US 4831390 A
A bubble jet printing device is optimized for extended operation by preventing heat buildup within the printhead and ink supply. Several configurations provides for the addition of heat sinks of appropriate dimensions either directly to the printhead or to an electrode board bonded to the printhead. Plated holes through the electrode board increase heat flow away from the printhead. According to another aspect of the invention, the ink supply cartridge has thermally conductive particles dispersed therethrough to effectively increase its capacity to radiate heat away from the printhead.
1. An ink jet printing device for a drop-on-demand thermal ink jet printer, the printing device which includes an ink supply cartridge having a printhead mounted within the cartridge, said printhead being of the type having a plurality of parallel channels, each channel being supplied with ink and having one open end which serves as an ink droplet ejecting nozzle, a heating element being positioned in each channel a predetermined distance from the nozzle, ink droplets being ejected from the nozzles by the selective application of current pulses to the heating elements in response to digitized data signals received by the printing device, the heating elements transferring thermal energy to the ink in contact therewith causing the formation and collapse of temporary vapor bubbles that expel the ink droplets, said print device further comprising an electrode board bonded to said printhead, said electrode board including a heat sink member bonded to the electrode board surface, said heat sink having a surface exposed to the ambient and wherein said electrode board has a plurality of plated holes extending therethrough in thermal communication with the printhead and the heat sink member.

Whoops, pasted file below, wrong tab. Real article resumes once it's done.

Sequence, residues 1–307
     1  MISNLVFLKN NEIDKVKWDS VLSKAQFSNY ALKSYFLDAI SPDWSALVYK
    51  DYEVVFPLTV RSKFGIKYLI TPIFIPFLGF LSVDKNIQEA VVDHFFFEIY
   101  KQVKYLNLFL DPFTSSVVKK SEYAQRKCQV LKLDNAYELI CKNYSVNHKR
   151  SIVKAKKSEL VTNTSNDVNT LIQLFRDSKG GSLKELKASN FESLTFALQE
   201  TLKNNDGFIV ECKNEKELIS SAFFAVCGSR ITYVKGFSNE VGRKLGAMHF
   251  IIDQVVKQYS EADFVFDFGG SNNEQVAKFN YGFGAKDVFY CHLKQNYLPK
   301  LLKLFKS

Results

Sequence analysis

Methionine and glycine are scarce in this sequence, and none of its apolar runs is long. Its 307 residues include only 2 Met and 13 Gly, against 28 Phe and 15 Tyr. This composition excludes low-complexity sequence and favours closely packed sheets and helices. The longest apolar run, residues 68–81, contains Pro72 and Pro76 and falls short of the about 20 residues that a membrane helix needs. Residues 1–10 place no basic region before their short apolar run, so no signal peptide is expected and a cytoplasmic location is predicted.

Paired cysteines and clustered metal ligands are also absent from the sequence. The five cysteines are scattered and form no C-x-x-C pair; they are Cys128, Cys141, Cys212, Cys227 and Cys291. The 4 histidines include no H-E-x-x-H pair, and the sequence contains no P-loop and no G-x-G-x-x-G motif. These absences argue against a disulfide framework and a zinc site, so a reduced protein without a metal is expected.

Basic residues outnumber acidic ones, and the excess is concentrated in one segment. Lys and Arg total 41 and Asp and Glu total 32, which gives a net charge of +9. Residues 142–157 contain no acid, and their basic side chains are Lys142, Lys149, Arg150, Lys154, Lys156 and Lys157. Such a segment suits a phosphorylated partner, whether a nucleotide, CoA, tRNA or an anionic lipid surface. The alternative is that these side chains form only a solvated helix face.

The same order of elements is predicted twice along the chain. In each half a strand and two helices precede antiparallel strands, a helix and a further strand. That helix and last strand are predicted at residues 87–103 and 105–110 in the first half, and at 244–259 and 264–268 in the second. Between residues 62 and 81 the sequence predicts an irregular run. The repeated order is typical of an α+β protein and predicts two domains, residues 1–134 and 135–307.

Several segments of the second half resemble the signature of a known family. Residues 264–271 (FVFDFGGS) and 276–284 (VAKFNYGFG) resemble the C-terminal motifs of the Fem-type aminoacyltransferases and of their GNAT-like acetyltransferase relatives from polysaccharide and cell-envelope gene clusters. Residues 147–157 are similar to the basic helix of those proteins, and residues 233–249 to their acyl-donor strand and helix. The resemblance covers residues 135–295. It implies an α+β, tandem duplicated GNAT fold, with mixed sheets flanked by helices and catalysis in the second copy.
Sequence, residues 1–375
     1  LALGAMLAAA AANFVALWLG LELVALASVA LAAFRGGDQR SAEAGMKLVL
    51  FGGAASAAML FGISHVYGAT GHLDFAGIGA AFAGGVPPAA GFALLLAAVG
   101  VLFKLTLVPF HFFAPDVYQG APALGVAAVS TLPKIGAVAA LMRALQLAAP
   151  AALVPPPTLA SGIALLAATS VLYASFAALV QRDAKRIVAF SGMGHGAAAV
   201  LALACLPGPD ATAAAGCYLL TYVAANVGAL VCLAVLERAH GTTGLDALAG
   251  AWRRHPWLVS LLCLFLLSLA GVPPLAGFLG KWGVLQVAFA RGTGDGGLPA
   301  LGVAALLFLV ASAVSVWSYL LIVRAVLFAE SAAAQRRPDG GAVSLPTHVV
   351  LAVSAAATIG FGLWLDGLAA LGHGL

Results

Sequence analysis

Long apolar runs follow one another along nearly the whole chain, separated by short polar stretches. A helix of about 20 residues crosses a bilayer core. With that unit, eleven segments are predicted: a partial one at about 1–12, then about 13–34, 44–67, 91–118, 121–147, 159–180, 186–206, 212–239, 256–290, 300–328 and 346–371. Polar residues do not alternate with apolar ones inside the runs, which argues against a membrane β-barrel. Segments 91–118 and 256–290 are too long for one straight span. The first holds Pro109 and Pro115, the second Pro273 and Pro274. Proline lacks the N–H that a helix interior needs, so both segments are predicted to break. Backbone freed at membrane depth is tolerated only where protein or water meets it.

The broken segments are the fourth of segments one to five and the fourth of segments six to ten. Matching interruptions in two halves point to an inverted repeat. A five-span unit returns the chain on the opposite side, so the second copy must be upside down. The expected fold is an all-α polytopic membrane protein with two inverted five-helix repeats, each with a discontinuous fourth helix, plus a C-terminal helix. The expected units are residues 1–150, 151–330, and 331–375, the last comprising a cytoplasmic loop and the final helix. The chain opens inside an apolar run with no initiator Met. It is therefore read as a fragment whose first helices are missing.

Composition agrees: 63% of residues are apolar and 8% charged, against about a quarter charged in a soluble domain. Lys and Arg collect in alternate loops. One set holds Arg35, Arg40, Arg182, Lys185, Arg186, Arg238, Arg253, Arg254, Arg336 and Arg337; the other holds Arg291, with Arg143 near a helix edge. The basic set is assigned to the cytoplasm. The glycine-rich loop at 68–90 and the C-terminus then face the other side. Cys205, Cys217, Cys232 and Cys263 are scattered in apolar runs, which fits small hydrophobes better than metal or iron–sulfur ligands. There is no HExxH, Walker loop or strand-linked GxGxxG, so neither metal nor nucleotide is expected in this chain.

2. The ink jet printing device of claim 1 wherein said ink supply cartridge is of plastic construction having discrete thermally conductive particles distributed therethrough.
The invention relates to bubble jet printing system and, more particularly to a printhead which is constructed so as to effectively control heat generated during the printing operation.
Bubble jet printing is a drop-on-demand type of ink jet printing which uses thermal energy to produce a vapor bubble in an ink-filled channel that expels a droplet. A thermal energy generator, usually a resistor, is located in the channels near the nozzle a predetermined distance therefrom. The resistors are individually addressed with a current pulse to momentarily vaporize the ink and form a bubble which expels an ink droplet. As the bubble grows, the ink is ejected from the nozzle and is contained by the surface tension of the ink as a meniscus. As the bubble begins to collapse, the ink still in the channel between the nozzle and bubble starts to move towards the collapsing bubble, causing a volumetric contraction of the ink at the nozzle and resulting in the separting of the bulging ink as a droplet. The acceleration of the ink out of the nozzle while the bubble is growing provides the momentum and velocity of the droplet in a substantially straight line direction towards a recording medium, such as paper.
A problem with prior art printhead operation is the increase in temperature experienced by a printhead during an operational mode. With continued operation, the printhead begins to heat up, and the diameter of the ink droplet begins to increase resulting in excessive drop overlap on the recording media thereby degrading image quality. As the printhead experiences a further heat buildup, the ink temperature may rise to a point where air ingestion at the nozzle halts drop formation completely.
Various techiques are known in the prior art to control this heat buildup and maintain the printhead within a reasonable operating temperature range. U.S. Pat. No. 4,496,824 to Kawai et al discloses a thermal printer which includes circuitry to measure printhead temperature, compare the temperature to values representing a desired temperature range and reduce the printhead temperature by activation of a cooling mechanism.
In. U.S. Pat. No. 4,636,812, to Bakewell, a heater and heat sensor operate in combination with a temperature regulator to maintain the printhead at a predetermined temperature.